The starting point of this book is an assumption that Western civilisation is going to hell in an handcart because – somewhere within the last 4,000 years or so – Homo sapiens began to lose touch with Nature, and severed contact altogether after the 17th-century Age of Enlightenment. The details of the modern malaise are barely discussed, but the symptoms are referenced: international poverty, climate change, biodiversity loss.

Few would argue that these are not very serious issues. For all the academic references, however – from Shakespeare to Schumacher via Descartes and Debussy – Giles Hutchins has essentially a romantic view of how life should be, based on the idea that Homo sapiens was much happier before modern ideas of science got in the way.

There’s no possibility, of course, of finding out whether this was true. The ancient Peruvian Caral civilisation is cited with some validity, but neither the Incas and their human sacrifice nor the brutality and almost persistent warfare amongst many African tribes are referenced. ‘Indigenous’ cultures and wisdom are simplistically assumed to have been superior to modern Western notions on the basis that they were closer to Nature than we are.

Hutchins has a point. It is unarguable that Western society (and, by the way, the rest of the rapidly developing world) has lost touch with the fact that Homo sapiens is part of Nature, not above and beyond it. This is something contemporary economists and politicians urgently need to understand: the economy is a part of the environment. But Hutchins teeters on the brink of saying that we were better off as Neanderthals. As far as the environment is concerned that may be true. However, this book won’t be read by Neanderthals, but by modern people looking for some rational way to adapt, change and improve the human condition.

In Hutchins’ analysis the rot set in with the ancient Greeks. Not all of them: Homer gets a clean bill of health because he reflects the vestiges of a pagan, Neolithic mysticism. It’s post Socrates that it all started to go wrong. The early Catholic Church is praised for retaining some semblance of remembering our place within a world order governed by Nature. The Reformation and the advent of human-centric attitudes ruined that; and Protestantism, with its insistence that God created humanity in his image with dominion over the rest of creation, paved the way to the real villains of this piece: the scientists and philosophers of the Enlightenment.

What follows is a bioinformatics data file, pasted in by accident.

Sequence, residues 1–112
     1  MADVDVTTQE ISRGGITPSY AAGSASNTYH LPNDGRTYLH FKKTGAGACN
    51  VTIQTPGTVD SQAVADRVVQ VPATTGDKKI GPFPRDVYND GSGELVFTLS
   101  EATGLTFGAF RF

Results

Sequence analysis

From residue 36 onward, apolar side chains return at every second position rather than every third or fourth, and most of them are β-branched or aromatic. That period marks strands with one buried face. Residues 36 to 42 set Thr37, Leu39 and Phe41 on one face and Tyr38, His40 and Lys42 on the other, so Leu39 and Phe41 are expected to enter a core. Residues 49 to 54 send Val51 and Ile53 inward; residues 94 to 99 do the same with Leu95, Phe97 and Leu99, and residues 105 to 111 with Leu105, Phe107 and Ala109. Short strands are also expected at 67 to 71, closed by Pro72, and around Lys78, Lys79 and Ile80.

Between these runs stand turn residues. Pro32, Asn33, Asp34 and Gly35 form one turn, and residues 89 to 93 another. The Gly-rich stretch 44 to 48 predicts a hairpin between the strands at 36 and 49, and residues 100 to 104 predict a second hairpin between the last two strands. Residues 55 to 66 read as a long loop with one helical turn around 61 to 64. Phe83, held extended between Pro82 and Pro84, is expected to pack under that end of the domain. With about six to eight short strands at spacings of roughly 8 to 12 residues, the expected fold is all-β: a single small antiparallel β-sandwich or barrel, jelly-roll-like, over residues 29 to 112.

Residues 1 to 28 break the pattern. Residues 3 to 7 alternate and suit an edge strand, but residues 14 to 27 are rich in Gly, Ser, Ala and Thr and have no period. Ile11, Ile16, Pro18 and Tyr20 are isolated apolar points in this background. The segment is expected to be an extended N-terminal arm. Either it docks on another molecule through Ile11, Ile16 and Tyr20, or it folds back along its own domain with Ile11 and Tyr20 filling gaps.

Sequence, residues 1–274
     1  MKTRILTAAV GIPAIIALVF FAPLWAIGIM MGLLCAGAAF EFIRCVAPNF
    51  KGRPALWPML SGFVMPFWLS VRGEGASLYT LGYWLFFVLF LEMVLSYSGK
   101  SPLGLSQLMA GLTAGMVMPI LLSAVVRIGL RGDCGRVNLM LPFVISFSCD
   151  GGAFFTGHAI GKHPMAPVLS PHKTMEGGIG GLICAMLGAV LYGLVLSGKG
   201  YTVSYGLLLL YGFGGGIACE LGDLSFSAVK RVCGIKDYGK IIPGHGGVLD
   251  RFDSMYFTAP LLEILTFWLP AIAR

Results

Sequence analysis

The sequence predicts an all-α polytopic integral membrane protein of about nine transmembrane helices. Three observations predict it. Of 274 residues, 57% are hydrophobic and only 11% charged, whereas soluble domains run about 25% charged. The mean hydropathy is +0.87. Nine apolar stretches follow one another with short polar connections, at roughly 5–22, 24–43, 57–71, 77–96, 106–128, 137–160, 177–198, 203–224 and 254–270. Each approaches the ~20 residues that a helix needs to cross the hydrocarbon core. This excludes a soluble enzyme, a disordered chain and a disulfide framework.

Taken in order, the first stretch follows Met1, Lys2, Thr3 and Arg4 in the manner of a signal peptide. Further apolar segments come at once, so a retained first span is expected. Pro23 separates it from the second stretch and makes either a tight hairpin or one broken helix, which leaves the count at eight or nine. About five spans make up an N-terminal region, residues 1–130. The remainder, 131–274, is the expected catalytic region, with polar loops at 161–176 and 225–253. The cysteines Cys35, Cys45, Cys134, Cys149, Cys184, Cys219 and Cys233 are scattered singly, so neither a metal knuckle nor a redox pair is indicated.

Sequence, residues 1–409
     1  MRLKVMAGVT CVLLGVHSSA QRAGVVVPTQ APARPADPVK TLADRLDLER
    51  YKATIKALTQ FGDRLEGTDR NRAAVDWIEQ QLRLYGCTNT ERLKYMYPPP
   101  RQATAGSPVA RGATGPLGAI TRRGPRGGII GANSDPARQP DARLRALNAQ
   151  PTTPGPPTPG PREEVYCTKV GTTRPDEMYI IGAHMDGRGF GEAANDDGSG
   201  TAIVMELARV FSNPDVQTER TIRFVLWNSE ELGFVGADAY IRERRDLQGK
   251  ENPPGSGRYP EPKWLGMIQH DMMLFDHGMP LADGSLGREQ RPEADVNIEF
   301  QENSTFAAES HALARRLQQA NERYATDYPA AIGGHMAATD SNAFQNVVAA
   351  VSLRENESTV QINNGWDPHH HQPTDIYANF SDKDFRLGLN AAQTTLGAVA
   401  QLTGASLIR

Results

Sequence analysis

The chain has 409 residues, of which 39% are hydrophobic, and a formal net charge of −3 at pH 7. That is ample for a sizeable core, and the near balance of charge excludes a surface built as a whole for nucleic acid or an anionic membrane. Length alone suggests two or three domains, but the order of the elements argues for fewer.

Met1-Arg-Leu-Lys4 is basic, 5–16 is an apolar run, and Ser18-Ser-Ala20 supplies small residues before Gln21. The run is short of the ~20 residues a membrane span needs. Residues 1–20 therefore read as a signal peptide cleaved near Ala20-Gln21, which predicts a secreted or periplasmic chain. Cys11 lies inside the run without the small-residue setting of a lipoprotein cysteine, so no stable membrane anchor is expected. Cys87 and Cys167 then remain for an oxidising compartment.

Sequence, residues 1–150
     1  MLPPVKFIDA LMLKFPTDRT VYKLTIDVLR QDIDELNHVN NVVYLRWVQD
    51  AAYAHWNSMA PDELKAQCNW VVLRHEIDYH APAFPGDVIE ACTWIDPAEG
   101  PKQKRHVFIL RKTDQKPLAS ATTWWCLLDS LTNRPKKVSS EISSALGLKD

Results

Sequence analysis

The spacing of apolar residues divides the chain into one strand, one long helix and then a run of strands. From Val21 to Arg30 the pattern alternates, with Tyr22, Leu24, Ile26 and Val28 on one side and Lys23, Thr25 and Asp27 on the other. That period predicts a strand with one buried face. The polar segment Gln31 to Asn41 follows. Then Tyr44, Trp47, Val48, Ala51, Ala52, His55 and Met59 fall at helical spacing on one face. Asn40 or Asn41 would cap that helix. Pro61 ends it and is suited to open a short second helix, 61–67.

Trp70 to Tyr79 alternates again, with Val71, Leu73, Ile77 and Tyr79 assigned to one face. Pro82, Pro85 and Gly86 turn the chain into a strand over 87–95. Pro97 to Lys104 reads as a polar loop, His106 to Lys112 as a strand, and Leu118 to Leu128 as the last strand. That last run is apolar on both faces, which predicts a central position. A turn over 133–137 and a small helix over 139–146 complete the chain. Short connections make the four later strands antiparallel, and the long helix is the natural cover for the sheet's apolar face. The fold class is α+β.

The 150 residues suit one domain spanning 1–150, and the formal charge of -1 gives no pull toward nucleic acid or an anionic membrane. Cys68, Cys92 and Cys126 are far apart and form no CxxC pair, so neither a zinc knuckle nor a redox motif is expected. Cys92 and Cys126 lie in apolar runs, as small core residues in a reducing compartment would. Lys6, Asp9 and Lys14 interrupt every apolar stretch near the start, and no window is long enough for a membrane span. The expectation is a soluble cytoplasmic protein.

Bacon, Hobbes, Newton, Descartes – all are accused of ushering in a scientific revolution that assumed that we could do living by numbers and that everything could be explained rationally in an intrinsically irrational world. Their thinking led to the Industrial Revolution and the abandonment of an ancient and sacred relationship between people and Nature.

Hence, in Hutchins’ analysis, via other villains like Darwin, Freud (but not Jung) and the very contemporary Richard Dawkins, we have ended up with a colossal planetary mess. He likens the current Western mindset to cancer and rightly asserts that most attempts to solve our social, economic and environmental challenges are rooted in the same technical and science-based assumptions of anthropocentric superiority, which will only defer and deepen the crisis.

But let’s not forget, either, what Hobbes actually said about the state of Nature:

“In such condition, there is no place for industry; because the fruit thereof is uncertain: and consequently no culture of the earth, no navigation, nor use of the commodities that may be imported by sea […] no knowledge of the face of the Earth; no account of time; no arts; no letters; no society; and which is worst of all, continual fear, and danger of violent death; and the life of man solitary, poor, nasty, brutish, and short.”

Hobbes had a point, too.

Peter Ainsworth is a board member of the Environment Agency, Chair of the UK Big Lottery Fund, a former Conservative MP and shadow environment secretary, and a founder member of the Robertsbridge Group.